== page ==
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PhRMA Update Calls for Expanded Disclosure of Study Results


Time to Read: 4 minutes Practices: Health Care, Life Sciences

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On April 20, 2009, the Pharmaceutical Research and Manufacturers of America (PhRMA) released a revision to its voluntary “Principles on Conduct of Clinical Trials and Communication of Clinical Trial Results.” The revised and updated PhRMA Principles expand upon the guidance provided in the 2004 version, commit PhRMA members to the public registration and disclosure of a wider range of clinical trials, tighten standards for authors and contributors to journal publications, and call for increased access by investigators to study data and results. The revised Principles, which take effect October 1, 2009, commit PhRMA’s members to implement many of the disclosure and registration obligations created by the 2007 FDA Amendments Act (FDAAA) and anticipate certain expanded reporting obligations before the statutory requirements take effect.

Study Registration and Disclosure of Study Results
In an effort to increase transparency regarding clinical trials, the revised PhRMA Principles expand members’ commitment to register and post information about clinical trials on publicly available databases such as www.clinicaltrials.gov. Key changes include:

Registration. The 2004 version of the Principles did not contain a requirement that a clinical trial be registered at its inception on a publicly available database. The revised Principles contain new language committing to the “timely submission and registration on a public database of summary information about all clinical trials that we conduct involving the use of our marketed or investigational products in patients.” In addition to anticipating the broadening registration requirements of the FDAAA, this commitment moves the PhRMA principles closer to the September 2004 standards of the International Committee of Medical Journal Editors (ICMJE), which require, as a condition of publication in member journals, registration of the trial in a public-trials registry prior to the enrollment of the first subject.

Results. The 2004 version of the Principles committed PhRMA members to communicate study results in the form of journal publication, abstract or poster presentation at meetings, or other public means, but did not specify the posting of results on a centralized, publicly available database. The revised Principles expand the pledge that members will post summary results on a publicly available database of all clinical trials in patients involving products that are approved for marketing or that are investigational products whose development programs are discontinued, regardless of outcome. One change from the prior version is that the commitment to report results no longer excludes post-marketing trials. In addition, even in clinical trials of investigational products for which development has not been discontinued, members commit to publishing information and data of significant medical importance.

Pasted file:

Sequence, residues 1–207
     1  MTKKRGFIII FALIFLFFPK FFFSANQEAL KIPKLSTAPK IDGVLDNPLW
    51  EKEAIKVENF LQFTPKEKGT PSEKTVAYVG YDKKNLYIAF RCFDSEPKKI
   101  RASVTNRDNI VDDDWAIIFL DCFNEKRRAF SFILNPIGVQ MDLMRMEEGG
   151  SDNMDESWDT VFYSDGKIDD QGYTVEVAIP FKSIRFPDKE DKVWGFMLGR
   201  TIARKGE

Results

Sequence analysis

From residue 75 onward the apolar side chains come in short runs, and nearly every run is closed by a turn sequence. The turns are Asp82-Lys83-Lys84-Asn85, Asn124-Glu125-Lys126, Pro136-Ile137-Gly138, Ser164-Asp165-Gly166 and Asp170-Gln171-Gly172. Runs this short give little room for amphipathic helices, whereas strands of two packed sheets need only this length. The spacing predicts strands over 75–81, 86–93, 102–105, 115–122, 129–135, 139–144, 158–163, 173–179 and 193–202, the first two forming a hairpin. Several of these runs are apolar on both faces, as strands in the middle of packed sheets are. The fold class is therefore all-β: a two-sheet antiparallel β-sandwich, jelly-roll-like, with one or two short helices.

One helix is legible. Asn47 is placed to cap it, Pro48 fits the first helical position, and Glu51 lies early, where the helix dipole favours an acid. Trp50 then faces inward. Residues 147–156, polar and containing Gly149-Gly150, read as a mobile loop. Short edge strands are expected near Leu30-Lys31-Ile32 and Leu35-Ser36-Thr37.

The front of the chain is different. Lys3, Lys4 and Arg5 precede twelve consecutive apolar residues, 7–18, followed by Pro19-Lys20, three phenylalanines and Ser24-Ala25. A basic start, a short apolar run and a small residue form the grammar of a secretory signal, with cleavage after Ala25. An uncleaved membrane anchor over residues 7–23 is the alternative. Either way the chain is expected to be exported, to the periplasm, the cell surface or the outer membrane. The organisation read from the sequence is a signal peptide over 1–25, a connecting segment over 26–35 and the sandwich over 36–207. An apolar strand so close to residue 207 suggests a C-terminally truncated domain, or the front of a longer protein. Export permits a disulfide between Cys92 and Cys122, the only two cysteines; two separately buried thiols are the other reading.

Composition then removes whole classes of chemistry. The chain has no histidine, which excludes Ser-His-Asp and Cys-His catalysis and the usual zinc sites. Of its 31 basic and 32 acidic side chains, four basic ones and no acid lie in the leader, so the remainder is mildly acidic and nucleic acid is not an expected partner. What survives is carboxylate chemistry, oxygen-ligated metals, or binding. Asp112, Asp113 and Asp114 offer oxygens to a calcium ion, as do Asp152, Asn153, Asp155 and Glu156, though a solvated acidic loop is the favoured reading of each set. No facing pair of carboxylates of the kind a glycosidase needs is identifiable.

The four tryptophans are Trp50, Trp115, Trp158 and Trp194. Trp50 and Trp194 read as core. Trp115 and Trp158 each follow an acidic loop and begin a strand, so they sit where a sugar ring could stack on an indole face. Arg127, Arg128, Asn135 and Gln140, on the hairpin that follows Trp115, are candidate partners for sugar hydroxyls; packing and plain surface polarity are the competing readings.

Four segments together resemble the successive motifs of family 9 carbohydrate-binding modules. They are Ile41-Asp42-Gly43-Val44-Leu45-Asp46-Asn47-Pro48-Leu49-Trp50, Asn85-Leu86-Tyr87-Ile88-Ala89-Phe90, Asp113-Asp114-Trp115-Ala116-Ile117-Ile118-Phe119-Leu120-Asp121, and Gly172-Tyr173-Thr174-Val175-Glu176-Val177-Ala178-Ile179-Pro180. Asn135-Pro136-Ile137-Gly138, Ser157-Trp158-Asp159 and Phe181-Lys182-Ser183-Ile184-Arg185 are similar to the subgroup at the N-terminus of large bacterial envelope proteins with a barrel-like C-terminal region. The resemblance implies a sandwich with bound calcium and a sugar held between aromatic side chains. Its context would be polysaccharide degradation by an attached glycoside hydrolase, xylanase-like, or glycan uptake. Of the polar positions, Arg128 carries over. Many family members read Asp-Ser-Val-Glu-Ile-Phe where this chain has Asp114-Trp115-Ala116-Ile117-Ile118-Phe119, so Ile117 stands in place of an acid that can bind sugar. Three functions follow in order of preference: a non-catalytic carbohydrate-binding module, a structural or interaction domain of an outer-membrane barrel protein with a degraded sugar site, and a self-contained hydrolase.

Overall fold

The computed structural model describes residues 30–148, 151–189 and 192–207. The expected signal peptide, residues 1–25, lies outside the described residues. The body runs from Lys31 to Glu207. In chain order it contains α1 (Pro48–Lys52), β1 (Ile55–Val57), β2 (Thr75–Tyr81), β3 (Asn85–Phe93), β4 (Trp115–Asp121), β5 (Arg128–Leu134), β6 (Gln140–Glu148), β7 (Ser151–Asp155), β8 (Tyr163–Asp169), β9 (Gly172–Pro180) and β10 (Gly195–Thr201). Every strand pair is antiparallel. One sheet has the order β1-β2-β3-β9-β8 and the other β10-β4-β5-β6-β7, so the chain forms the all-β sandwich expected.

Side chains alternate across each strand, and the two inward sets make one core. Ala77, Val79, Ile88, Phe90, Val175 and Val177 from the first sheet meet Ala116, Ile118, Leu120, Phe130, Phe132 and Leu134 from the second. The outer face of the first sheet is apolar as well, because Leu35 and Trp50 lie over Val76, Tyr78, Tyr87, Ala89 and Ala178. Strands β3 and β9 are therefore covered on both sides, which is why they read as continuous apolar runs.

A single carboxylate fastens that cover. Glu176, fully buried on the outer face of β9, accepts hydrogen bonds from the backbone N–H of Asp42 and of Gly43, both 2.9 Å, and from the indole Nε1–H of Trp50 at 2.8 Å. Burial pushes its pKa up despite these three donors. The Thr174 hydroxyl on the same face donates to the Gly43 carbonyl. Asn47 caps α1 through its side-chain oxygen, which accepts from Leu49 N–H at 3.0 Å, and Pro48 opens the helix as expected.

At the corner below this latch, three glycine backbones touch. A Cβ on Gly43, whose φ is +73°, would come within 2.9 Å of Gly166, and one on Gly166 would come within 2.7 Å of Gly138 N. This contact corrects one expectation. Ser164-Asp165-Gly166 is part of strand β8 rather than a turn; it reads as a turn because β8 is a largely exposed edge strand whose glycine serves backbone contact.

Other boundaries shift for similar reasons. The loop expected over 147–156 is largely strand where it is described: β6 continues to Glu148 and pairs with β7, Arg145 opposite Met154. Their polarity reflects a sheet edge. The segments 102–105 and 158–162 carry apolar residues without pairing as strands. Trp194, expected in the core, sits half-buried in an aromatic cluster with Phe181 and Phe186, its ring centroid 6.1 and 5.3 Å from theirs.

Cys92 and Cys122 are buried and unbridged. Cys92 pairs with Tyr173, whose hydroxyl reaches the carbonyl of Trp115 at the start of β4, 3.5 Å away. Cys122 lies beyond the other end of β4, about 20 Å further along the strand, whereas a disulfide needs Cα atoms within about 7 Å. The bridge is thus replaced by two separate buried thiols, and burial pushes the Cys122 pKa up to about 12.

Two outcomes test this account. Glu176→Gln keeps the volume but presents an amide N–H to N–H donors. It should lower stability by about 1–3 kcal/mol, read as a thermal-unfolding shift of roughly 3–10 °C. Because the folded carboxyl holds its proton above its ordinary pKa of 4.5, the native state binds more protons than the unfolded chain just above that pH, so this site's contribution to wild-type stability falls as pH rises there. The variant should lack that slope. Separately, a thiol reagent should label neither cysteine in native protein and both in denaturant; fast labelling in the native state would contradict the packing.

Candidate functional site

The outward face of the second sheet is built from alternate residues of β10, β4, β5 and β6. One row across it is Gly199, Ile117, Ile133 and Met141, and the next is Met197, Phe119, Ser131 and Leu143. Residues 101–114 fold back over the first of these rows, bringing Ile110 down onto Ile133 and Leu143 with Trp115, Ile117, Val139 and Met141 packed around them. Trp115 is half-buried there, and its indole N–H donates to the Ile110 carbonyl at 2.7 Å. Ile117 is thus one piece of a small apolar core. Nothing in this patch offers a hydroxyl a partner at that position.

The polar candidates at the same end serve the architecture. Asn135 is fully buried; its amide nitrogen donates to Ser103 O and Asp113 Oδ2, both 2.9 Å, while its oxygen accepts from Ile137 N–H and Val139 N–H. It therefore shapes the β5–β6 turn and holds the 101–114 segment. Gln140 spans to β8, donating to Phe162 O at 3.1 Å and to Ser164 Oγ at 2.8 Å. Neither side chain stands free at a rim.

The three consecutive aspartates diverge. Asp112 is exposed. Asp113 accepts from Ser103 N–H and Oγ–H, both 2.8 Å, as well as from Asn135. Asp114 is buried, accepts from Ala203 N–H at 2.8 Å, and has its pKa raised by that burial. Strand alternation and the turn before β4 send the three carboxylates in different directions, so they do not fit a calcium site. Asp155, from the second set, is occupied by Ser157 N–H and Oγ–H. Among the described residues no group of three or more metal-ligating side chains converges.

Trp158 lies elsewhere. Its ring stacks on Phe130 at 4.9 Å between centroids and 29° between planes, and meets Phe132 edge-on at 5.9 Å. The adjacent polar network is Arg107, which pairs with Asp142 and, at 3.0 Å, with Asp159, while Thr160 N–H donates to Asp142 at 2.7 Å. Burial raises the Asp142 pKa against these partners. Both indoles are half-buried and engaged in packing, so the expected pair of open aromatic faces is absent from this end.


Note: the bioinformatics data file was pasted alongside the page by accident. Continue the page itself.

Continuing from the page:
Excluded Trials and Studies. The revised Principles clarify that the commitments to register and post summary results do not apply to most Phase I trials conducted in healthy adults, rather than “patients.” Nevertheless, under the Principles, results of exploratory Phase I trials in healthy adults, even those involving a novel or proprietary design, should be disclosed if the trial provides significant medical information.

Authorship Standards
Although the 2004 Principles were largely consistent with the authorship standards of the ICMJE, the revised Principles adopt ICMJE’s standards in whole and commit to following those standards “in lockstep.” Among other things, the ICMJE standards specify that each author should have sufficiently participated to be able to take public responsibility for the content of the published work and that the acquisition of funding, collection of data, or general supervision of research does not alone justify authorship.

The revised Principles also create guidelines for “Contributors” who do not meet the criteria for authorship. Contributors should be properly acknowledged and listed along with brief descriptions of their contribution.

Finally, the new Principles provide that authors submitting a manuscript to a medical journal should disclose the identities of all sources of authorship assistance and financial support as well as any other financial and personal relationships that may bias their work.

Investigator Access
The updated Principles expand upon the commitments set forth in the prior version, including by committing to provide all investigators with full summaries of study results and allowing investigators from multi-site trials to review data from the entire study in response to a reasonable scientific inquiry.

Implementing the Revised Principles
PhRMA’s revised Principles reflect the increasing demands on the pharmaceutical industry to be transparent in conducting clinical research.  Developing and implementing sensible policies and compliance practices in this area is an ongoing process that demands periodic reassessment, especially in light of the continuing implementation of the FDAAA requirements. FDAAA already requires sponsors to register and report basic results on www.clinicaltrials.gov, and sponsors should be prepared for the expansion of the registration and reporting requirements to be rolled out over the coming months.

If you have any questions about the update PhRMA Principles, its relationship to the FDAAA, or related compliance issues, please contact the attorneys listed above or your regular Ropes & Gray legal advisor.

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